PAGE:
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CONFERENCE REP


MSC ramps up protocols as Covid’s second wave grows


M


SC Cruises has seen “a very small number” of Covid-19 cases on board its ships


since it resumed sailing in the Mediterranean last month. The first major line to revive


operations in the Mediterranean since the pandemic has also increased the frequency of testing crew and passengers amid rising rates of infection across Europe. Bud Darr, executive vice-


president of maritime policy and government affairs at MSC Cruises, said the outbreaks were dealt with safely under the cruise line’s established protocols. “Everything was working the way


it was supposed to,” he said. “The authorities had a lot of confidence in working with us, and continue to keep everyone safe. But you have to expect that in this environment, you are


Bud Darr


to MSC’s protocols, to make them more “restrictive and protective”. “More tests have been added


during the cruises, along with the pre-embarkation tests that were already required,” he explained. Passengers who did not comply


with shore excursion rules were told to leave, Darr said, and new protocols had been added to maintain guests’ ‘bubble’ when in destinations. He described the changes as


going to have some Covid [cases].” MSC Grandiosa and MSC


Magnifica had been operating out of Italy, and calling at Malta and Greece, taking the line’s return “one step at a time,” added Darr. He said the second infection wave across Europe had prompted changes


“pretty technical and procedural” and “invisible to the guests”, adding that MSC would continue to “take a very hard line” with guests who breach protocols, noting the importance of showing them “we’re serious”. “Guests have been kept safe and


have given us really good feedback,” he said. “We have been able to find a balance between providing that experience and providing a health and safety environment.”


‘There will be a January wave season – prepare for it’


Cruise line bosses urged agents to plan now for the cruise sector’s ‘wave’ season to cater for pent-up demand. Jo Rzymowska, Celebrity Cruises’ vice-president and


managing director for the EMEA region, said “without a doubt” there would be a wave season in the new year. But she said 2021’s wave would be different because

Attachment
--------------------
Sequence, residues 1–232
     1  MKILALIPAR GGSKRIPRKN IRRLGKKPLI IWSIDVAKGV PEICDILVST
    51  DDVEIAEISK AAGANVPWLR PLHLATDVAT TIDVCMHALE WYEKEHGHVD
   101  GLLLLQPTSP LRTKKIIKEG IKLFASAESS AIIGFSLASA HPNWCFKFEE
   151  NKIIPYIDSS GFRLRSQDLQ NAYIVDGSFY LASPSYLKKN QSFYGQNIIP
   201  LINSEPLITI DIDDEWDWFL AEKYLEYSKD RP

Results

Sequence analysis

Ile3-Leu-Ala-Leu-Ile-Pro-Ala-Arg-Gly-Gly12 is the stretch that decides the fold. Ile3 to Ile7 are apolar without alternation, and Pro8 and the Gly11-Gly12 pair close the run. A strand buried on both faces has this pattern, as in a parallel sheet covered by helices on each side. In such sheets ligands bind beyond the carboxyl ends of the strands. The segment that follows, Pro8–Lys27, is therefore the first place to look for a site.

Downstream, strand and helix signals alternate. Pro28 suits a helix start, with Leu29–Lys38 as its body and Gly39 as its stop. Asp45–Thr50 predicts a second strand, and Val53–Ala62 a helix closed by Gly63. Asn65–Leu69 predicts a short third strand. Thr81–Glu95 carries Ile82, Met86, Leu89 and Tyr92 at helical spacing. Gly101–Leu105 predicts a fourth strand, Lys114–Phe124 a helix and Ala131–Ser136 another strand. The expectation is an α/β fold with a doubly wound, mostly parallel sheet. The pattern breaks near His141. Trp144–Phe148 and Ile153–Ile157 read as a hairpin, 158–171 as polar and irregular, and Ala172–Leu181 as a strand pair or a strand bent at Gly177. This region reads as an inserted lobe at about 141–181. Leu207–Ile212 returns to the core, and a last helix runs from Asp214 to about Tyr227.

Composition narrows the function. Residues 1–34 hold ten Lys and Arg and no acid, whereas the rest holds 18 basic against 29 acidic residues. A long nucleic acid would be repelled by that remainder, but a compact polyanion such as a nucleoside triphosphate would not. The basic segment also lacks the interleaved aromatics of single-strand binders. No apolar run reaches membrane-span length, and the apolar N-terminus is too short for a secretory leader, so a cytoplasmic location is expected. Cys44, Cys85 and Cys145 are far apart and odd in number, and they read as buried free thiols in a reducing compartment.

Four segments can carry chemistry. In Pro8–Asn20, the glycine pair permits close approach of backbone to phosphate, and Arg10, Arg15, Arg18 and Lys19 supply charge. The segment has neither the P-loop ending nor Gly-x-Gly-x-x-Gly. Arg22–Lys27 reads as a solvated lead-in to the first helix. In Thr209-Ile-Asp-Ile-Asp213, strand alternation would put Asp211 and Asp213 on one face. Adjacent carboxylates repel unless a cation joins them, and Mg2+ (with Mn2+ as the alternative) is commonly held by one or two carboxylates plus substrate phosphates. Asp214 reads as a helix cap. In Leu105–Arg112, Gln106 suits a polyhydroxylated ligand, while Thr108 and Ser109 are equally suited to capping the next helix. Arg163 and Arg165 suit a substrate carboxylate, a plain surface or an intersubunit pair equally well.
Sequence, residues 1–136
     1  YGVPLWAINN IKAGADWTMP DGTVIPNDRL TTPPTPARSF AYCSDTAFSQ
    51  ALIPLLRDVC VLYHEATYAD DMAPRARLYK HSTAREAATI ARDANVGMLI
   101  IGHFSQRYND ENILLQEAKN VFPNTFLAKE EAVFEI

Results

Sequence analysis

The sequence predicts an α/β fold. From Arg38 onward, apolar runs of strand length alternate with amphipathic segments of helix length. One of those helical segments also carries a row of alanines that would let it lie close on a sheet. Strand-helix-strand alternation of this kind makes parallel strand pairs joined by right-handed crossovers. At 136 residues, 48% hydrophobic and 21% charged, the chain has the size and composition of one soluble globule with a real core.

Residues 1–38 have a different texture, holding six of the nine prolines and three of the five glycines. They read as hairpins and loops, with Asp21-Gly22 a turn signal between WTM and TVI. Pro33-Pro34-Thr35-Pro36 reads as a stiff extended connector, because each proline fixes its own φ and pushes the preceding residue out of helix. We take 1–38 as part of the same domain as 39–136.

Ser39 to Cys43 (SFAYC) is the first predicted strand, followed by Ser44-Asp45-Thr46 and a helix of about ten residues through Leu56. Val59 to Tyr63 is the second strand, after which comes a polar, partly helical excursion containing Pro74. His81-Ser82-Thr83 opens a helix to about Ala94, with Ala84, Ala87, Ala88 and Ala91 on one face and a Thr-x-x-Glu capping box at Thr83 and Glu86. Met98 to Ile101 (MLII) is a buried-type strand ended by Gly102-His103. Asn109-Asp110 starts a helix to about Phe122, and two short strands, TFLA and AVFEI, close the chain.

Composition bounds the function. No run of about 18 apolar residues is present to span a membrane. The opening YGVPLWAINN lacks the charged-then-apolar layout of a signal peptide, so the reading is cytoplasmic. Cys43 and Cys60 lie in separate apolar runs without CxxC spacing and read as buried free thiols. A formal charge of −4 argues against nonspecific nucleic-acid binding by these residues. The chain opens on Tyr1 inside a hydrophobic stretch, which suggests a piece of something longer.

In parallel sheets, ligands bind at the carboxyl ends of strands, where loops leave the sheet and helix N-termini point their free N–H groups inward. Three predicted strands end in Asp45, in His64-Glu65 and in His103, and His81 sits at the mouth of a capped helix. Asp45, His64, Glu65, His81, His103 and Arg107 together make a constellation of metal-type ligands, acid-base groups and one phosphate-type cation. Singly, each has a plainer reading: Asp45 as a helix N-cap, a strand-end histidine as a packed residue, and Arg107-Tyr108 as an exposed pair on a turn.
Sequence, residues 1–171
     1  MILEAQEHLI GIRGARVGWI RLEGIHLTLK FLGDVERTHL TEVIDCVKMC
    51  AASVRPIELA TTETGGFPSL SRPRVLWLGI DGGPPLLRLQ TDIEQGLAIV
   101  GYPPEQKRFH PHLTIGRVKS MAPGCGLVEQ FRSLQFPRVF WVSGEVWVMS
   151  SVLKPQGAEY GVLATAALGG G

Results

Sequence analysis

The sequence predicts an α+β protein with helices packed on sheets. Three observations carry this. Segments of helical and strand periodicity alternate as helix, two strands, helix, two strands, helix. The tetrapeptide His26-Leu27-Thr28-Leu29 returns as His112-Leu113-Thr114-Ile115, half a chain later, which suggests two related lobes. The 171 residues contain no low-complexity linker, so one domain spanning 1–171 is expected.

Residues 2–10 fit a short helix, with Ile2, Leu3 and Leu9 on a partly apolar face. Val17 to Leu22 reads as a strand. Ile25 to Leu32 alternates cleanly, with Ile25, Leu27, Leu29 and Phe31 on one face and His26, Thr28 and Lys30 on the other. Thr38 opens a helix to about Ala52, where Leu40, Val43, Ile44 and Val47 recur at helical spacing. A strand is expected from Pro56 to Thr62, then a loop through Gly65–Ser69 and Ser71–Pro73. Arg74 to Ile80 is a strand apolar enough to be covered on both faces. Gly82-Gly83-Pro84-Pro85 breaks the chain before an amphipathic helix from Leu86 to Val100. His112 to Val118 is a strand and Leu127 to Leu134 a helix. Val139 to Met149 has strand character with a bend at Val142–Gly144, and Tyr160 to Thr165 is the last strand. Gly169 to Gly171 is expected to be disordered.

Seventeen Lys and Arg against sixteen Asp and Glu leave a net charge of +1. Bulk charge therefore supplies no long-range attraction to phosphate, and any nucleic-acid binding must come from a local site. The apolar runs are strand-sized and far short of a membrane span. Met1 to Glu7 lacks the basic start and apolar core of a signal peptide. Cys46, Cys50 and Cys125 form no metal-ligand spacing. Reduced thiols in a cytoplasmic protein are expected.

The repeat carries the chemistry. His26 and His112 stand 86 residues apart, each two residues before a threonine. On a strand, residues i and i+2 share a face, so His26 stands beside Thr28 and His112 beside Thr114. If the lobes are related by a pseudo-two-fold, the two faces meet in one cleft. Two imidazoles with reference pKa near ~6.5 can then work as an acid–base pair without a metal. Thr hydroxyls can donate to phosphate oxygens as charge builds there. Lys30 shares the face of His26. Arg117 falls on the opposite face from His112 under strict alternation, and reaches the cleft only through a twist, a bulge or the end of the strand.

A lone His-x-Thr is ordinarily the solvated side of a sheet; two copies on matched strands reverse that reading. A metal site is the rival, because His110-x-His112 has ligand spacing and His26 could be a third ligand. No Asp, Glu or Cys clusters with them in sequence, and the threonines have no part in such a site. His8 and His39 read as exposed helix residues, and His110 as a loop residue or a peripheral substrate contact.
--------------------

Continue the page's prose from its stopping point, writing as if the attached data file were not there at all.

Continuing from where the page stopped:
marketing campaigns would mix messages about health and safety, such as reduced touchpoints on board, with the usual themes of destinations and onboard experiences. Rzymowska highlighted


social media as an important and cost-effective channel for marketing.


10 5 NOVEMBER 2020


Giles Hawke


Giles Hawke, chief executive of Avalon Waterways,


urged agents to analyse their databases and plan a two-track marketing strategy for wave. He said agencies could move to “above-the-line


spending” once they start to see some return, but warned retailers “don’t go mad on the first of January because we’ve got to see demand is there”. Bernard Carter,


Lucy Huxley Jo Rzymowska


Bernard Carter


senior vice-president and managing director at Oceania Cruises, added: “It’s about taking the low- hanging fruit – looking at the people who you’re talking with regularly… then you can start spreading the net wider.”


Agents urged to sell cru


Agents should book cruises with confidence, thanks to Covid-19 rules that have been agreed to make ships safe – despite the second wave of infections across Europe. That was the message from industry


figures speaking at the virtual Clia forum last week. David Dingle, chairman of Carnival UK,


said: “[Agents] should be selling with as much – and probably more – confidence, as they would sell any other holiday. “The moment we can start getting guests


Clia Cruise Forum 2020: Bullish confidence mixed with frustration char MSC


Magnifica


Fred Olsen Cruise Lines’ Balmoral


travelweekly.co.uk


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